When you’re ready to design a new edTech product, you’re already on a tight schedule. While it might seem like you can’t afford to spend three months on the UX discovery process, skipping or accelerating valuable UX research efforts often results in a less effective product.
If you want to create a learning tool that has deep, lasting value, some version of UX discovery is essential. With the right team of experts, the discovery process can also easily be scaled to your needs and budget.
For example, if you’re designing an edTech product, a team that specializes in UX research for learning tools can help you define your research and testing parameters more efficiently, simply because of their expertise.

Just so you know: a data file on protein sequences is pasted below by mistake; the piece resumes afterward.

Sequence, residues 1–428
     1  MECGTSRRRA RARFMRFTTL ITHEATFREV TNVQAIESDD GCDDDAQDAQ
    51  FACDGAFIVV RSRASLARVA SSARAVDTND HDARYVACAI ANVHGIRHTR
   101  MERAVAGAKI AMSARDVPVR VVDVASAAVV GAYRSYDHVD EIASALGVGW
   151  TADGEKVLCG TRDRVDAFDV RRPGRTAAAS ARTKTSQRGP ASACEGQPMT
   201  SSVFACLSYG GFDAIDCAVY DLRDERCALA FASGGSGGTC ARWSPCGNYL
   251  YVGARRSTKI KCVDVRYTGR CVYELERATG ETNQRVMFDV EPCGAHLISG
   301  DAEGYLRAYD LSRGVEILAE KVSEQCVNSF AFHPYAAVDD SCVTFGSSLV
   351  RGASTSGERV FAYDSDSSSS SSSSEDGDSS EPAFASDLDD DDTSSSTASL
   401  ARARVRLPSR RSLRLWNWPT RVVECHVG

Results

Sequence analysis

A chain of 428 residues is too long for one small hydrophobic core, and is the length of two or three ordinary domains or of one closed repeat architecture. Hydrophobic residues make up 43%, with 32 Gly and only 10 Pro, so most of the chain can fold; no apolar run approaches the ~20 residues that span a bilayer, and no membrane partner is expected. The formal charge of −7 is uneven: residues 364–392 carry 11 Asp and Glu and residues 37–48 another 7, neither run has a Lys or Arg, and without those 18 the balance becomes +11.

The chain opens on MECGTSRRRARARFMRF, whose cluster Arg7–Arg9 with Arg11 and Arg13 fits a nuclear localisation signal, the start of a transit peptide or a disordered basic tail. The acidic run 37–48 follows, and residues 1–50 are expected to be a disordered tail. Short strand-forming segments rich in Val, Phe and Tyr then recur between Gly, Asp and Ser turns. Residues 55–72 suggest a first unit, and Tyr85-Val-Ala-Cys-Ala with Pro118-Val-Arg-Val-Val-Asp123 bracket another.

In this article, you’ll learn how UX discovery benefits your product team through risk management, stronger marketplace performance, and an optimized engineering process.
You’ll also learn more about which deliverables to expect at the end of a discovery engagement, how discovery really affects your product timeline, and why hiring an external UX team might be the right move for you.
Let’s dive in!
3 Benefits of the UX Discovery Process
When you begin the UX discovery process for a new edTech product or feature, you’ll see immediate return on investment (ROI). These are the 3 biggest benefits of conducting UX research and competitive analysis before you design a single pixel of your learning tool.
1. Risk Management
If you design an edTech tool you haven’t tested, or create a product you haven’t planned for, you’re less likely to identify a user-centered solution. Even if you have incredible learning content, beautiful design work, and breathtaking technology, you’ll still be making a lot of guesses about what your users actually need.